Lying lizard-like on these billion year old rocks absorbing their afternoon heat after an invigorating dip in the surrounding pools, could be considered sublimely decadent or wholesomely therapeutic.

For the more energetic, there are bass, pike, perch, trout and muskellunge to pursue in the surrounding shallow waters, and amazing metamorphic and igneous rock formations to scramble around in.

Throughout the North Channel one is never far from the iconic white pines that have thrived for millennia in this seemingly impossible terrain of nine parts rock and one part soil, nothing short of miraculous.

One can anchor in these parts and find that elusive tranquility often sought in life but seldom achieved. There is something about your world being reduced to clean, clear water, smooth pink rocky shores, backed by an unaltered pine forest, to put you in that much desired zone.

After surrounding yourself with the pink/salmon/orange coloured granite rocks, and you wish to enter the land of the white rocks, the quartzite rich La Cloche Range, that is easily done by just heading three miles west of the booming town of Killarney, population, 300. This oldest town in northern Ontario, owes its earlier existence to the beaver fur trade which began in the 1600s. It started as a fur trading post. When fur trading came to an end, commercial fishing and logging took its place. Now, eco-tourism and boating are the main economic drivers.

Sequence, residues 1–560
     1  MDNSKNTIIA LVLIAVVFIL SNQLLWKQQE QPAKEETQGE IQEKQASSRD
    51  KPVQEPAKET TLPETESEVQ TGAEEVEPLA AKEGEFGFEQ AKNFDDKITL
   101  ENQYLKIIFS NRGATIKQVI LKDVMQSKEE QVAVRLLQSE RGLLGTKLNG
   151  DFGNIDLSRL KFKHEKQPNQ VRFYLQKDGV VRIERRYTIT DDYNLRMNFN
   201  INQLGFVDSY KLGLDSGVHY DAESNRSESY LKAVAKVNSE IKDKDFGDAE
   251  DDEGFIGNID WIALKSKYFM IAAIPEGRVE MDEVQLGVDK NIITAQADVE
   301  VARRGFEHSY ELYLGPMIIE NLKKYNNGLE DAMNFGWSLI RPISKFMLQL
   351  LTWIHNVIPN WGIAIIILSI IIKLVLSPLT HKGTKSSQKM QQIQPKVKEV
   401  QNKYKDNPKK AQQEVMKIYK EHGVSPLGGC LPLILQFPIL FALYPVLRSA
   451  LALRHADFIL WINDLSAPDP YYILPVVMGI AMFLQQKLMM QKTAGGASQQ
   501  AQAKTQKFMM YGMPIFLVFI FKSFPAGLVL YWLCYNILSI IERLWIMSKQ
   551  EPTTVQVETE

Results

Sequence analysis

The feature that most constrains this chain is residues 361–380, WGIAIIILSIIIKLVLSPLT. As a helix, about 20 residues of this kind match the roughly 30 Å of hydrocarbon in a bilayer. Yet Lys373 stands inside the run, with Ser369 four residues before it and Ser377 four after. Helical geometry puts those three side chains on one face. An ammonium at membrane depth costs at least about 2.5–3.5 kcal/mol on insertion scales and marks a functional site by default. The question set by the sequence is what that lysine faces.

One leaves Killarney channel westbound and enters Killarney Bay. The once mighty and majestic La Cloche Range fills the horizon. Long ago the Range rose higher than the Rockies but 2.5 billion years, at least three ice ages, and the erosive effects of water, plants and animals have reduced their height to less than 1,000 feet above the Great Lakes. These mini mountains are the oldest mountains in North America.